Research Digest

Lab notes: A new DNA sensor for quickly identifying throat infections

This DNA probe can more accurately identify pathogens causing throat infections in 30 minutes.

Indian scientists have developed new sensor-based technique for detecting the presence of the S pyogenes bacteria, the most common cause of throat infections. It is claimed to be a quick and cost-effective.

The device, a DNA chip-based sensor, consists of a carbon electrode embedded with gold nanoparticles to improve electronic properties. Many small-sized DNA probes are located on the modified chip. They attach themselves to the target DNA samples of bacteria taken from throat swabs of the patient.

The new sensor has been found to be better than earlier reported sensors due to its ability to pick up bacterial DNA even if present in small numbers, within 30 minutes. It correctly distinguishes S pyogenes from other bacteria, according to the study published in International Journal of Biological Macromolecules.

“The aim was to develop a rapid, accurate, sensitive, specific and cost-effective method for detection of S pyogenes,” said Professor Ashok Kumar from the Institute of Genomics and Integrative Biology, who led the research. “The current methods of detection S pyogenes infection are culture test, biochemical assays, polymerase chain reaction, genetic markers. And these methods are time consuming, expensive, are unable to pick up the bacteria if present in small numbers and may even wrongly identify other bacteria as S pyogenes.”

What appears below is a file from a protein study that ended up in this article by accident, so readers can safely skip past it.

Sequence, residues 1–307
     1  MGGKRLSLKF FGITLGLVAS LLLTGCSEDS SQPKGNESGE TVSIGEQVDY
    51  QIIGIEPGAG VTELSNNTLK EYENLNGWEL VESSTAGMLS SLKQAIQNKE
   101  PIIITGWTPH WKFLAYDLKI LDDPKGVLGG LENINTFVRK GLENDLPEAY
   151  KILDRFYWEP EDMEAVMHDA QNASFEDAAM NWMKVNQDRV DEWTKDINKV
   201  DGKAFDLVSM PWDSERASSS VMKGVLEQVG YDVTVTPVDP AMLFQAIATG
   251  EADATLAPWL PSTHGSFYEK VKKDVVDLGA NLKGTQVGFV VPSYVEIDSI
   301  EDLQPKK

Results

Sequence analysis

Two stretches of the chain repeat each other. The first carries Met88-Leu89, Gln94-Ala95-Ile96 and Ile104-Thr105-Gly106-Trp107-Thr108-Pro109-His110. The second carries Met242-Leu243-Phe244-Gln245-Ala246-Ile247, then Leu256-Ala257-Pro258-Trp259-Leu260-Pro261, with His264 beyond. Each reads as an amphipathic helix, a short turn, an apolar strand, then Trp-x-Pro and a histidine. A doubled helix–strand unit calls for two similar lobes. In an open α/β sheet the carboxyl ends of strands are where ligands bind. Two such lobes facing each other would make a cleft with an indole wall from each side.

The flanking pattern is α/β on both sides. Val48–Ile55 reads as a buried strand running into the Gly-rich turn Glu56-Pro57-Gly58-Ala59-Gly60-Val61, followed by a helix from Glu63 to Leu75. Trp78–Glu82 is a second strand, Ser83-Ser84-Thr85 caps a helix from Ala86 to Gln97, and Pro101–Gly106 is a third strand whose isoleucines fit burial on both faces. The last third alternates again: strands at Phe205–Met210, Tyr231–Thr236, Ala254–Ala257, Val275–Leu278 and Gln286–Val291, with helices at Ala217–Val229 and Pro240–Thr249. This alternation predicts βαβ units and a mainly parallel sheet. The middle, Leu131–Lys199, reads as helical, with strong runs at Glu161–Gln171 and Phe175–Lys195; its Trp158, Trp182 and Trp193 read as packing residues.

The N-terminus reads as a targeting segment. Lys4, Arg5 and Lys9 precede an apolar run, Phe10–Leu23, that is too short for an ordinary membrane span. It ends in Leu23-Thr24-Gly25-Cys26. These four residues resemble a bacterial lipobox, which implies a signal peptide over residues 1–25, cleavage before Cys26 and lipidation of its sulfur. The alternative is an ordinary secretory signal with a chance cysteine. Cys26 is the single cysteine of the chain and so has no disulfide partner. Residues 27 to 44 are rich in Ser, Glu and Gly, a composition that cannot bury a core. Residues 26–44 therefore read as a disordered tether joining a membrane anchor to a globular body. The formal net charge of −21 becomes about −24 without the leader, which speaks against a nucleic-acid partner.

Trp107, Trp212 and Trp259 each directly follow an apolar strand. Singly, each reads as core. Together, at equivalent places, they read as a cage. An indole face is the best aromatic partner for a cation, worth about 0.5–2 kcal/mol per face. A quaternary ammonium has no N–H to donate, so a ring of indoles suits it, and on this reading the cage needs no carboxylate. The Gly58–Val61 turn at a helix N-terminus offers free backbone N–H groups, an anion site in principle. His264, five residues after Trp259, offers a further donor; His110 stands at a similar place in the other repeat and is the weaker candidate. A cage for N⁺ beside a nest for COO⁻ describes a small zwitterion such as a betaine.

Based on this technique, he said, several other infection-causing microbes can be identified to prevent the disease by taking medical treatment at early stage of infection.

The most common cause of throat infections in humans is S pyogenes bacteria. If left untreated it may lead to damage of human heart valves resulting in a severe form of rheumatic heart disease. Early diagnosis can prevent damage of human heart valves by taking timely and correct medical care.

The team of researchers included Swati Singh and Ankur Kaushal from the CSIR-Institute of Genomics and Integrative Biology, Delhi, and Dr. Shashi Khare from the National Centre for Disease Control, Delhi.

This article was first published by India Science Wire.

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